Rachel, to my sweet tooth horror, had never had carrot cake. So I sort of insisted that she get that. Instead of the typical cream cheese frosting, it was served with a not-as-sweet sour cream frosting.


Lastly, we got the baked lemon tart with a financier crust and bitter almond ice cream. The name and description was a little misleading, it was more like an almond cake with lemon slices on top. But nonetheless it was really great. It paired especially well with the souffle since it was buttery, tangy and not too sweet.

For my favorites, of course being a total carboholic, I loved all the bread. But other than that, I’d probably pick the brussel sprouts. And the chocolate souffle, oh man that was good.

To finish off the night, Trifecta even delivers your bill with fresh, sea-salted caramels. Such a delicious way to end the night.

Hopefully the pastry side will open up soon, so you can get pastries, breads and that incredible souffle at all hours of the day.

Nine Incredible Courses from Holdfast Dining

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Brice and I finished out 2013, aka the year of food extravaganzas, with a dinner at Holdfast Dining. And let me just say, that was probably the best way to end a year of good food. Truly, one of the best dinners I’ve ever had. Creative menu, beautiful presentation, fun atmosphere, personable chefs, and of course delicious food.


If you haven’t heard of Holdfast yet, it is a new pop-up dinner started by Chef Will Preisch, who has an impressive resume including Le Pigeon, Park Kitchen and the Bent Brick. The dinners are held every Thursday, Friday and Saturday nights at KitchenCru, the culinary incubator in the Pearl District.


Having the dinners at KitchenCru is an unusual dining experience, but one that is super fun – set inside a small professional kitchen with one chef’s counter for about 12 guests, you can watch other members work on their craft while enjoying your own meal.

The night we were there, we watched Pinkleton’s Curious Caramel Corn popping lots of popcorn in old-fashioned machines, Bowery Bagels prepping for the next day, and Remedy Wine Bar whipping up appetizers for their space across the street.


And obviously also you get to watch Will and his sous chef who’s also named Will plate the courses with finesse.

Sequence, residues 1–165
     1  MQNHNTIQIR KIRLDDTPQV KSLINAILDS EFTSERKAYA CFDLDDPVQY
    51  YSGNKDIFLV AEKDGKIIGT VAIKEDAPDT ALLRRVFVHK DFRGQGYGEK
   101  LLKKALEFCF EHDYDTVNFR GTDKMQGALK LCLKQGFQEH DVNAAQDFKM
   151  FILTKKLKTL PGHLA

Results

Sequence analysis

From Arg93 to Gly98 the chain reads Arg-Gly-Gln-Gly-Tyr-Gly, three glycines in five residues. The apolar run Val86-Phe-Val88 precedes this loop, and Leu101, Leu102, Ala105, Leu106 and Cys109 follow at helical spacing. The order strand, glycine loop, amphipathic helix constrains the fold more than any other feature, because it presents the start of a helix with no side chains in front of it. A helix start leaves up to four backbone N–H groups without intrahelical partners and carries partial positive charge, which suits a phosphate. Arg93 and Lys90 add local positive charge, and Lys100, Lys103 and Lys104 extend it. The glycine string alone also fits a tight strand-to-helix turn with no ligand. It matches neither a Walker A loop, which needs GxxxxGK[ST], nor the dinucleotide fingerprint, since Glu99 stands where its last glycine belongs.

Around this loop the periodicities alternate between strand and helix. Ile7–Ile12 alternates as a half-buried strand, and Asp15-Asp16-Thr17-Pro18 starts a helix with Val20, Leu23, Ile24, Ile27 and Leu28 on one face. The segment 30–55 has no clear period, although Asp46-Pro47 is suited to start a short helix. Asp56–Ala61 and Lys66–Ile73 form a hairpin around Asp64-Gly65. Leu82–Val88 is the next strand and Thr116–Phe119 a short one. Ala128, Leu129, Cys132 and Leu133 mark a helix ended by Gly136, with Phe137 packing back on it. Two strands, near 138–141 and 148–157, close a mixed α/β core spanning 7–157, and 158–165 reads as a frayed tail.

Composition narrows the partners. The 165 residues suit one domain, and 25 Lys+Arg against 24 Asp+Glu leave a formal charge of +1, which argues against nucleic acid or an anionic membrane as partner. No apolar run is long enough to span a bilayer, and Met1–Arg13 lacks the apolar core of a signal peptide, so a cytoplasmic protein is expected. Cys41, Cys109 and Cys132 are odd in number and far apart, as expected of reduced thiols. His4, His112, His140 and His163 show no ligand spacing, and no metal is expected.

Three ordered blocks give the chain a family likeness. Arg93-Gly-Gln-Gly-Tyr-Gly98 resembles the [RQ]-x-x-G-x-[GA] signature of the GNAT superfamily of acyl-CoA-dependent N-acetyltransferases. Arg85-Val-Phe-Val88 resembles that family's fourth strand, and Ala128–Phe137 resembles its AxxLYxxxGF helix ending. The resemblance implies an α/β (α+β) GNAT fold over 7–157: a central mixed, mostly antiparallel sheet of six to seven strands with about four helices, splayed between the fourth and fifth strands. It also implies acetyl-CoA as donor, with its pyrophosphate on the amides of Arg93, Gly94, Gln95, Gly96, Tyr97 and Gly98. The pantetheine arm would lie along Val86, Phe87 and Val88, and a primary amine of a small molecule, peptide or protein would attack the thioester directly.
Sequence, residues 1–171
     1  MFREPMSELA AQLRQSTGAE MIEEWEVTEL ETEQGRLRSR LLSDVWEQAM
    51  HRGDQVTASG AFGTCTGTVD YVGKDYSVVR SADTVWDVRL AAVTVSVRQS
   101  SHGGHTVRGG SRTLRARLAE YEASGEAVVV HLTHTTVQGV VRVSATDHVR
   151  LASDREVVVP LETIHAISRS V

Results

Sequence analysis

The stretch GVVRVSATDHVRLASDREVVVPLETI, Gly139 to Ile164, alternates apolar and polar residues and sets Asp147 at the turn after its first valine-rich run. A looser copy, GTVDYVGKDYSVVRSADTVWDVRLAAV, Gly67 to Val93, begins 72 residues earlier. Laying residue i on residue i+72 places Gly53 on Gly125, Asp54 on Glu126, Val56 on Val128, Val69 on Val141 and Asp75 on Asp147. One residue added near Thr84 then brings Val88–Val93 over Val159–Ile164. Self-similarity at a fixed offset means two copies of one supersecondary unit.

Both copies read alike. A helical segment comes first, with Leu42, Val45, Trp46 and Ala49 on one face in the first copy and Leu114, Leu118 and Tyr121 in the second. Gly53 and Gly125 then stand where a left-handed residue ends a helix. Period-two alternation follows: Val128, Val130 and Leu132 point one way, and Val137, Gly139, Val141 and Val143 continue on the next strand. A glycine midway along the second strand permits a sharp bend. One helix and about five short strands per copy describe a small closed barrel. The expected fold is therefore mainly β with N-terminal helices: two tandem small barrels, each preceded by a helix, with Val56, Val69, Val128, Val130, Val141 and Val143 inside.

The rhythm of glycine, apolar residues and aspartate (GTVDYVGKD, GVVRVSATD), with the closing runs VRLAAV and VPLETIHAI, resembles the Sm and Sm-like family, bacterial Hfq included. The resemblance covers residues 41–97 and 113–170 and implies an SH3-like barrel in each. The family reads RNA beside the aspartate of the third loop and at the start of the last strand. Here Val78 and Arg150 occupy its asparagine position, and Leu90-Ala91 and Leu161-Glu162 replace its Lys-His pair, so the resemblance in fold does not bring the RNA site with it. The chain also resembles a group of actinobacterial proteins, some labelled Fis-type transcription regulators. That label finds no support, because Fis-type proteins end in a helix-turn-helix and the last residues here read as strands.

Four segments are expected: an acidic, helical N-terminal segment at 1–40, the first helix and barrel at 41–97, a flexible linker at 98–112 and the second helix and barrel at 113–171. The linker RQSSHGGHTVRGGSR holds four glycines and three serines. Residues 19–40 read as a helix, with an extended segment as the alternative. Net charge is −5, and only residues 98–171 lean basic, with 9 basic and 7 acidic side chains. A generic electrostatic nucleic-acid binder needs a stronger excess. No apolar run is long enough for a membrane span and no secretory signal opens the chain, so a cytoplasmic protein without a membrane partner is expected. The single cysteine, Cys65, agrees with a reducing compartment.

With nine courses, there were plenty of opportunities to impress and the Wills did not disappoint. Yes, you did read that right, there were NINE courses. Sure, they were small but that is pretty incredible.

To make things even better, four of the courses were dessert courses. That clearly was a quick way to win my heart.

Will’s food is clever, modern, and strikingly beautiful. He twists traditional flavors and ingredients to create new textures and flavor profiles. When he describes the dishes, you can tell he has fun when thinking up and mastering these elaborate course dinners, which makes the whole meal that much more approachable.

First course: Scallops, buttermilk, apples, leeks, pine, green coriander


Second course: Crab, sunchokes, egg, brown butter broth


Third course: Foie gras, maple, sherry, onions, star anise


This was Brice’s favorite by far. I thought it was good, but a bit too rich for more than a bite or two.

Boston bown bread


This unique bread was a surprise addition to the 3rd course, and possibly my favorite thing all night. It was moist, flavorful and rich from the molasses and rye flour. Interestingly, the bread doesn’t have yeast and it isn’t baked, but rather it is steamed. Will adapted his recipe from the Fannie Farmer Cookbook. (I found a similar recipe from Simply Recipes that I would love to try sometime.)

Fourth course: Sweetbreads, cauliflower, black trumpets


I was surprised how much I loved this dish. I hadn’t ever really had sweetbreads that I have liked, but these were really flavorful, had a beautiful texture and the black trumpet mushrooms on the side were fantastic.

Fifth course: Pork, celery root, brussels, red eye gravy


Sixth course: Cornbread madeleine, lardo, parmesan, honeycomb


Seventh course: Frozen yogurt, honey


This was a honey three ways – frozen, powdered and raw. The variations of flavors, textures and temperature was fun and unlike anything I have had before.

Eighth course: Buttermilk panna cotta with winter citrus


This was the other contender for best dish of the night. As Will’s take on an Orange Creamsicle, it was really smooth and creamy panna cotta, served with citrus in different forms: marmalade, curd, and finger limes which have a fun Pop Rocks-like quality to them. (If you haven’t tried finger limes yet, check them out!)

Ninth course: Candies


Two perfect little bites to finish off our meal – a soft caramel with sea salt and a shortbread cookie.

So now that you’ve read all about my meal at Holdfast, you hopefully are dying to go as soon as possible. In order to do that, check out their website for availability. Though be forewarned that the secret about Holdfast is out, so dinners sell out quickly. So an even better idea: sign up for their email newsletter which will notify you when the next batch of dates open up. Be sure to read your email and buy your tickets promptly!

But trust me, even if you can’t get in for a few weeks (or months), it is 100% worth the wait.